at org.junit.internal.runners.JUnit4ClassRunner.run(JUnit4ClassRunner.java:42)
    at org.eclipse.jdt.internal.junit4.runner.JUnit4TestReference.run(JUnit4TestReference.java:50)
    at org.eclipse.jdt.internal.junit.runner.TestExecution.run(TestExecution.java:38)
    at org.eclipse.jdt.internal.junit.runner.RemoteTestRunner.runTests(RemoteTestRunner.java:467)
    at org.eclipse.jdt.internal.junit.runner.RemoteTestRunner.runTests(RemoteTestRunner.java:683)
    at org.eclipse.jdt.internal.junit.runner.RemoteTestRunner.run(RemoteTestRunner.java:390)
    at org.eclipse.jdt.internal.junit.runner.RemoteTestRunner.main(RemoteTestRunner.java:197)

I also checked the AbstractJmsListeningContainer and here is the code where NPE occures:

public final boolean isRunning() {
    synchronized (this.lifecycleMonitor) {
        return (this.running && runningAllowed());
    }
}

What I found is that the lifecycleMonitor object is not being instantiated. This object is declared in AbstractJmsListeningContainer just at the top:

protected final Object lifecycleMonitor = new Object();

Any idea how to properly mock DefaultMessageListenerContainer?

share|improve this question
    
Similar problem: stackoverflow.com/questions/2457239/… – Tomasz Błachowicz Jan 30 '12 at 16:52
    
Why do you want to mock it? Your code should have no dependency on DefaultMessageListenerContainer, it's a Spring infrastructure component. – skaffman Jan 31 '12 at 16:19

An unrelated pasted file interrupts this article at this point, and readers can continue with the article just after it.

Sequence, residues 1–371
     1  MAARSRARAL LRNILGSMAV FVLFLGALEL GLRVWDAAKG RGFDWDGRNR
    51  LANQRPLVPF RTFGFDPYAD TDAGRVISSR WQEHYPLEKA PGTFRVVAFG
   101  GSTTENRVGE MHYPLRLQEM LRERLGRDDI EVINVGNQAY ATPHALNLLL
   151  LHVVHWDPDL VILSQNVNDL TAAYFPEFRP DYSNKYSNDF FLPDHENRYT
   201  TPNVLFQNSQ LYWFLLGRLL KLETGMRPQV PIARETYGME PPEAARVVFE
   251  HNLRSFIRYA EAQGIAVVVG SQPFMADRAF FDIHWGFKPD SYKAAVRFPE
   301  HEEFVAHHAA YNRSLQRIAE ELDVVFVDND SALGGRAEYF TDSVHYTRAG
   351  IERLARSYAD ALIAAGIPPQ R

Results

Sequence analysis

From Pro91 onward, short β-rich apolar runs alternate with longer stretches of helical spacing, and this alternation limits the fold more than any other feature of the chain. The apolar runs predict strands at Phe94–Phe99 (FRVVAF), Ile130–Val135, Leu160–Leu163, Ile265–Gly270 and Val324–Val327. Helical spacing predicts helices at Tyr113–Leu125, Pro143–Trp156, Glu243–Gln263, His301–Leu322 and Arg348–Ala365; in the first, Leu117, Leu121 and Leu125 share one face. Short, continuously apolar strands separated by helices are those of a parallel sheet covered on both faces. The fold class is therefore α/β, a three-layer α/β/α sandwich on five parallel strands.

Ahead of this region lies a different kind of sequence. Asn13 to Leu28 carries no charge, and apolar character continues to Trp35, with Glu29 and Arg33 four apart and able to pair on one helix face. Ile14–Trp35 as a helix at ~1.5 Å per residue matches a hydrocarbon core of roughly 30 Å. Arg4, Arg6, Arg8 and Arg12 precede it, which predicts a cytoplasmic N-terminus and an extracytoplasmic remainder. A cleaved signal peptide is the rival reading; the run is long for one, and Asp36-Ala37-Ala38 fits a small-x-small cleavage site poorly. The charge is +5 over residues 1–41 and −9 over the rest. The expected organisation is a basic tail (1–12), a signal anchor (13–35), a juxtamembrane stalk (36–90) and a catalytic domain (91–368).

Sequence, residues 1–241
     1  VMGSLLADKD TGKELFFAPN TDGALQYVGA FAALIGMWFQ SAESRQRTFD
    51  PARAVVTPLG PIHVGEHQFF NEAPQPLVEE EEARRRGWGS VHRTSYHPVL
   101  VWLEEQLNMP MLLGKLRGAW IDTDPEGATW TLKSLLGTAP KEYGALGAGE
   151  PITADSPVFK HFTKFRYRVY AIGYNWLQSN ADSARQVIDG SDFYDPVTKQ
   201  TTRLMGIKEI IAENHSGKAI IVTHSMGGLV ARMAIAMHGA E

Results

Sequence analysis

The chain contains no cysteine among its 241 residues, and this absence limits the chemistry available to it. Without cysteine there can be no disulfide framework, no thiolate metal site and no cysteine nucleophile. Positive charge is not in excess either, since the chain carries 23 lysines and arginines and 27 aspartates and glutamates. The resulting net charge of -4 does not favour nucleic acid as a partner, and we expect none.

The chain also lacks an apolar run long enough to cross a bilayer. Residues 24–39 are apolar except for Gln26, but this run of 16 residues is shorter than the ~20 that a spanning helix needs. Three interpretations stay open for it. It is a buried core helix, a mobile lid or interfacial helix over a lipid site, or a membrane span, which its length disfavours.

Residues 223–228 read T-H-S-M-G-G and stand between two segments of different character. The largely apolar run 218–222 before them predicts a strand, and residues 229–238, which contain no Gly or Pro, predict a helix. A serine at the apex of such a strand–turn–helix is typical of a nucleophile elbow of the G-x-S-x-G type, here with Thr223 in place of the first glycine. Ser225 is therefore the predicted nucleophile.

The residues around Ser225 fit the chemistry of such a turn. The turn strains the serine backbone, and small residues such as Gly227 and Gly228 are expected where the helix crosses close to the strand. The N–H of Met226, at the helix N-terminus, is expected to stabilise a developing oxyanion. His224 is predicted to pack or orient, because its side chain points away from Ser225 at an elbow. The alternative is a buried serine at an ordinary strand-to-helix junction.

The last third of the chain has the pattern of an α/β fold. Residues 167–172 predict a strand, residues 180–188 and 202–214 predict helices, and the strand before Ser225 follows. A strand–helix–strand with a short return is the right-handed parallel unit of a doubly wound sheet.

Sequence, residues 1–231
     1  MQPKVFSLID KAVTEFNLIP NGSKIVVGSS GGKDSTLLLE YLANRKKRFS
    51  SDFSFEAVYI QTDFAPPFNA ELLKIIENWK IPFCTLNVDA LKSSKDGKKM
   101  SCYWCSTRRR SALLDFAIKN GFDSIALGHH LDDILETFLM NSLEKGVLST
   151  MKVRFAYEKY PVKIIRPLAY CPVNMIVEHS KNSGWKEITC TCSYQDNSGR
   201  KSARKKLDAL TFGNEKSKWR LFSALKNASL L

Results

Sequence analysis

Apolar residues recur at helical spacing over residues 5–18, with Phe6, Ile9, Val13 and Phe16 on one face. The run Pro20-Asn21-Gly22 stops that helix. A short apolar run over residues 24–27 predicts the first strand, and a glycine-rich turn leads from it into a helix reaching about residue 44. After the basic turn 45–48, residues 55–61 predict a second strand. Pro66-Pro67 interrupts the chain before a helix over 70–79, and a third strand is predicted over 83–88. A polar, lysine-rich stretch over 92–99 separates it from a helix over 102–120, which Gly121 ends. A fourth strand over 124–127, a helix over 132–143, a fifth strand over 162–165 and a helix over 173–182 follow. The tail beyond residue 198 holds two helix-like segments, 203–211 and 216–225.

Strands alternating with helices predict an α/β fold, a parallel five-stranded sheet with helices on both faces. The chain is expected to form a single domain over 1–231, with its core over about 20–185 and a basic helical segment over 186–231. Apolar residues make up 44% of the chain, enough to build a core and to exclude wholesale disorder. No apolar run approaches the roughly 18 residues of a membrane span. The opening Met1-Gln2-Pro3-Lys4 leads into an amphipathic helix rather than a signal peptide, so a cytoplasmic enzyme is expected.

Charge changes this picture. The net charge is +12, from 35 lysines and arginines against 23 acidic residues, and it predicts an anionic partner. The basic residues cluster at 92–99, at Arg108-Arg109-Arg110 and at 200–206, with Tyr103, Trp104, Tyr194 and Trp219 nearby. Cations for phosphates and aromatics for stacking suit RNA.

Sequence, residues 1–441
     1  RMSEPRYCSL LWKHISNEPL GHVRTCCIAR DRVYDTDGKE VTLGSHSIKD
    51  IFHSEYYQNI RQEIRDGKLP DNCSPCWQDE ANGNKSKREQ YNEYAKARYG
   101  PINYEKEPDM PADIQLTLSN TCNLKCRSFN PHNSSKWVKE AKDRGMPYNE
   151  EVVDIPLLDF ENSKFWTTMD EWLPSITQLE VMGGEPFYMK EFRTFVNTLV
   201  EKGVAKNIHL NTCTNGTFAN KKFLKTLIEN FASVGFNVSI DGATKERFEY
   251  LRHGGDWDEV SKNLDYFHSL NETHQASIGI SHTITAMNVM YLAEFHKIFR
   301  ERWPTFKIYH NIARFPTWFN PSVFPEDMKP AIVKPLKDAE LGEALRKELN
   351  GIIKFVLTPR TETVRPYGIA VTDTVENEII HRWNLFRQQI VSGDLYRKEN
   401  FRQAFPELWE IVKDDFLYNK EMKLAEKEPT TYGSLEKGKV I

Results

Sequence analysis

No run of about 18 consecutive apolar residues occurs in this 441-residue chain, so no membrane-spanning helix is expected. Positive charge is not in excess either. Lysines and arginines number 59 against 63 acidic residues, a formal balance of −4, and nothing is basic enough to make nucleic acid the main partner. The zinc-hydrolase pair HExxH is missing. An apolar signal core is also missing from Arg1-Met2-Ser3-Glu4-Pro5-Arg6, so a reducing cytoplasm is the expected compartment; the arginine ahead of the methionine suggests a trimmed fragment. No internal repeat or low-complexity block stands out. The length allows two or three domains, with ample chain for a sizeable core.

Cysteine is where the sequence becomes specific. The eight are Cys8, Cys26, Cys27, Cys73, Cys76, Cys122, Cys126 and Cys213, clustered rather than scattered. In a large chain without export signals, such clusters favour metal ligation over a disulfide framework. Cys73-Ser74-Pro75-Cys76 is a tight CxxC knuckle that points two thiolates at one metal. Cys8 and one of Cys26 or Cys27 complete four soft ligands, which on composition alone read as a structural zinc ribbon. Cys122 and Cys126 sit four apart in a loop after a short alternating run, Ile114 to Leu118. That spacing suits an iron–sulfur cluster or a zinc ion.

You still need to set the mock on the object you are initializing.

I see that you are testing IncomingFeedControllerImpl, and it is likely that your mocked object is a member of an instance of this class. Because you are not setting your mocked DefaultMessageListenerContainer on your IncomingFeedControllerImpl explicitly the AbstractJmsListeningContainer (which is probably @Autowired) is still hanging around and not being mocked.

You will need to either inject it by using a setter method or a constructor. (you can also @Autowired it)

share|improve this answer
    
Nope. This is not the case. Tried it already. This has definitely something to do with this lifecycleMonitor not being instantiated. – szymon Jan 30 '12 at 17:11
    
Well, according to your code, you are trying to Mock your DefaultMessageListenerContainer, and by receiving an AbstractJmsListeningContainer, means that the mocked object was never set on your IncomingFeedController. – nicholas.hauschild Jan 30 '12 at 17:15